Note my disclaimer at the top of the sidebar on the right: this is not an investment site. Do not make any investment decisions based on what you read at this site. And for heaven's sake, don't make any travel plans based on my directions.

Beautiful, Balmy, Big Sky Day in The Heart of the Bakken -- The Bakken, North Dakota, USA


Wow, did you all see this? American Airlines just declared bankruptcy. Cost of fuel too high. You think fuel is high now, wait until the EPA shuts down the Bakken. "They've" already shut down the Keystone XL.

The bankruptcy announcement is such a non-story I did not find it at Yahoo!Financial, but buried in the Drudge Report.
American was the only major U.S. airline that didn't file for bankruptcy protection after the 2001 terrorist attacks. The last major airline to file for bankruptcy protection was Delta in 2005.

American says labor-contract rules force it to spend at least $600 million more than other airlines.

Original Post
At 25 degrees today, or something like that, it feels much warmer than yesterday: no breeze today. Wow, it's a beautiful day. It's going to be very difficult to leave the Bakken.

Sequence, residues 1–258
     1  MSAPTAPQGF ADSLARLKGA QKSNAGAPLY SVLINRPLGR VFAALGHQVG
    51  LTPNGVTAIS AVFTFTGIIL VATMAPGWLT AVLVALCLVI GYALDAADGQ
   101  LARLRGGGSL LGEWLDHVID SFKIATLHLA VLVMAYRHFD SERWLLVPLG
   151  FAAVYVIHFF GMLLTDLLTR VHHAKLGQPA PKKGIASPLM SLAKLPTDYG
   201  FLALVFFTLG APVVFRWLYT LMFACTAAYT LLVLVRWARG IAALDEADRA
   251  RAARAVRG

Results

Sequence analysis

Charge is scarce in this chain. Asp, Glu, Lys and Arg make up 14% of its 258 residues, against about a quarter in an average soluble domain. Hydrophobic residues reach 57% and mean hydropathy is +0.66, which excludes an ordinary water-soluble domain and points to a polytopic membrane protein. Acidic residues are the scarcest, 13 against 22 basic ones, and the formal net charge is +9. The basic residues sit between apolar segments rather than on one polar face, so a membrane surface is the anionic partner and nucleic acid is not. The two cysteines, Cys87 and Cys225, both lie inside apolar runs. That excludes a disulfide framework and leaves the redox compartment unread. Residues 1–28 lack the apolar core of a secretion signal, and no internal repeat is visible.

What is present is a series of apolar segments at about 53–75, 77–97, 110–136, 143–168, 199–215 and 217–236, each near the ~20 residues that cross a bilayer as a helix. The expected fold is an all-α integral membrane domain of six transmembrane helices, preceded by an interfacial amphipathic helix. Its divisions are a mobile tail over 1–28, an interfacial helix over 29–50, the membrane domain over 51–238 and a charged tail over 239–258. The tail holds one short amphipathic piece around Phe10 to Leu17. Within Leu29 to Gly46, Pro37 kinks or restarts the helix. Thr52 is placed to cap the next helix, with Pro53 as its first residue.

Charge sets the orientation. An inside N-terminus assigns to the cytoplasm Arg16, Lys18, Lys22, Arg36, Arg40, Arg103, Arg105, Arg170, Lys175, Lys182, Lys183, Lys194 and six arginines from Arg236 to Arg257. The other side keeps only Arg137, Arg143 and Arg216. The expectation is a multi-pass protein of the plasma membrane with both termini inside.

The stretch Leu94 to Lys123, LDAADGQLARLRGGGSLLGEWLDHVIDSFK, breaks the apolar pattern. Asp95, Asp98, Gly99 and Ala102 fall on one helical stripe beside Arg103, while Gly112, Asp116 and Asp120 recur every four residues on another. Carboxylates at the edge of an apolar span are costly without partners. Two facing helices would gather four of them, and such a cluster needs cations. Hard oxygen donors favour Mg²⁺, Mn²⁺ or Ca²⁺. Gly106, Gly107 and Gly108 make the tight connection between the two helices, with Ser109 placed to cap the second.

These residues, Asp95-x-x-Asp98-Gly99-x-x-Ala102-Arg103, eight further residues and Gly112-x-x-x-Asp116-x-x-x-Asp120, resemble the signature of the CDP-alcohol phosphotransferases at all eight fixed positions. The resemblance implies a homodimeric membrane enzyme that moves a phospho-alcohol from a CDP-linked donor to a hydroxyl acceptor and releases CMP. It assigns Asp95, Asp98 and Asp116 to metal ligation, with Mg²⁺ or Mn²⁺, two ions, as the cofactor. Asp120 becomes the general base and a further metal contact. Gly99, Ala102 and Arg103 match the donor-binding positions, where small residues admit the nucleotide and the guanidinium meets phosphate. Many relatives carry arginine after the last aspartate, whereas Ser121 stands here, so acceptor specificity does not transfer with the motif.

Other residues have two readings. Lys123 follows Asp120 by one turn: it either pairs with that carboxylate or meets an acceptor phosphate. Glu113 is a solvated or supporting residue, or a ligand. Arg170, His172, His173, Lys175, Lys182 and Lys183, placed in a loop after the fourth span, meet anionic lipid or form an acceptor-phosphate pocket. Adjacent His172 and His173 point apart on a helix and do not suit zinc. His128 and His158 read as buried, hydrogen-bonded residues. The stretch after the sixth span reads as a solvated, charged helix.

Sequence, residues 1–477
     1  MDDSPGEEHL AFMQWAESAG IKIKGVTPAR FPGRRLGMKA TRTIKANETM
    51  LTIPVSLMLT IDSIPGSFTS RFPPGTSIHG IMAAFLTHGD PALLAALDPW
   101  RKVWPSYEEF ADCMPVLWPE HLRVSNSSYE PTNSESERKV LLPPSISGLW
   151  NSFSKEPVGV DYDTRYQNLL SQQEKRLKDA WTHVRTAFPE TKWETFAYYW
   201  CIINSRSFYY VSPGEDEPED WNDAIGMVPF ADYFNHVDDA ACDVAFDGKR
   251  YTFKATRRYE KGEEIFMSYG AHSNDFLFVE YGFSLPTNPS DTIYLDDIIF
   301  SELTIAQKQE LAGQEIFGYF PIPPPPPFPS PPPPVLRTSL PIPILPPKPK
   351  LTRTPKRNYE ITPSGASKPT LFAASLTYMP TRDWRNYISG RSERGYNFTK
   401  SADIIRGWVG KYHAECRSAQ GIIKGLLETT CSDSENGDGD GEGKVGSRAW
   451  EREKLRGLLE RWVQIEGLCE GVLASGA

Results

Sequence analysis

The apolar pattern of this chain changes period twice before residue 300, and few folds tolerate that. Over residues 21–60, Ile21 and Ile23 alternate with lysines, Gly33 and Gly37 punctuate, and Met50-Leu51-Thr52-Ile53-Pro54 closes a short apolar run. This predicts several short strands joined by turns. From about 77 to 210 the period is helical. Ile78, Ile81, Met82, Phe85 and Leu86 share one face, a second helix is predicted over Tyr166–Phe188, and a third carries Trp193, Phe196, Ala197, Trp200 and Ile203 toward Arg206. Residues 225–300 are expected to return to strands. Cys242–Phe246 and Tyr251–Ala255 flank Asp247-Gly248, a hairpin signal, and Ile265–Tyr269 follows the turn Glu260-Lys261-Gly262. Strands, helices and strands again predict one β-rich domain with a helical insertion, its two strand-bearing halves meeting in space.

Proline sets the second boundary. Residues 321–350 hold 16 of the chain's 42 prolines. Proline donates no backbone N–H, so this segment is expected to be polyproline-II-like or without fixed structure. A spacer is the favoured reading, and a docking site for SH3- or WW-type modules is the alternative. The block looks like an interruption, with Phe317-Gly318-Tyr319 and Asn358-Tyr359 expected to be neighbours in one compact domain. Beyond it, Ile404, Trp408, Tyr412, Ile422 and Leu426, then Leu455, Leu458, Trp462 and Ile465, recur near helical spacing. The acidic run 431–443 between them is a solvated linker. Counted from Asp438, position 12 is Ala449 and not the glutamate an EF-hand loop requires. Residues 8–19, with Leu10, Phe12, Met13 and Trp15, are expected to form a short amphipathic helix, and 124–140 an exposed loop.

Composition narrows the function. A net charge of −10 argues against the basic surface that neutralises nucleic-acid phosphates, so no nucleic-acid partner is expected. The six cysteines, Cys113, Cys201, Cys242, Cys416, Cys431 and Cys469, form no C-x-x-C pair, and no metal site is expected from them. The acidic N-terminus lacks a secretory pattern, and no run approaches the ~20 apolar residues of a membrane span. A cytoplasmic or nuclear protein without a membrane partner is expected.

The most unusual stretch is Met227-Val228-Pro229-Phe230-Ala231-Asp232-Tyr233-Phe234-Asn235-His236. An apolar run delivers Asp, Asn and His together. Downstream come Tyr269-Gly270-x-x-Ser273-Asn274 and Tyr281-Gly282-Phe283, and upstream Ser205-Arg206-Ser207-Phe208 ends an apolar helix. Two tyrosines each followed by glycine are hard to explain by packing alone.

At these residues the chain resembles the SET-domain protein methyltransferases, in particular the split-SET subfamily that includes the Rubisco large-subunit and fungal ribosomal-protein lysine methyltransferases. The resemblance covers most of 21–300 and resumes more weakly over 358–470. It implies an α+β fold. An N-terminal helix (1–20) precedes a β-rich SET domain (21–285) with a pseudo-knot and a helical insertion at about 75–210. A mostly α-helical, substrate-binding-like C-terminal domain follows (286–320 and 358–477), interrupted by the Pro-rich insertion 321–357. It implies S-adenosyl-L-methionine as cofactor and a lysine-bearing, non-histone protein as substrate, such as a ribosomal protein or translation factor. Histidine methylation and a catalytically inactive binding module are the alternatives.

I see we are starting at 197 active drilling rigs today; it looks like the folks are starting to pack it in, waiting for that EPA shoe to drop. It's been a nice run. We've been as high as 204 rigs, and with such beautiful weather one would expect the number of rigs to increase, especially since most companies earlier this year announced that they were going to increase the number of rigs by the end of 2011.

Big Sky Country. That's a Montana state trademark, but I think we're close enough to the state line to be able to say we have "big sky" here also.

I stopped by my favorite store at the corner of 1804 and the east bypass (yes, Williston has a bypass on the east side of town also). I honestly did not know one could buy stun guns. My favorite note of the day: on the counter at Scenic Sports (gas station, sports shop, fast food, convenience store, natural history museum, all rolled into one) -- "Do Not Place Your Minnows On the Counter. Thank You." And then a smiley face. The counter is covered with "bounced" checks. The bounced checks are from two folks -- one individual has not less than ten (10) bounced checks, totaling more than $800. One check was for $127. Fool me once, shame on you; fool me twice, same on me. I think I know on whom I would use one of those stun guns.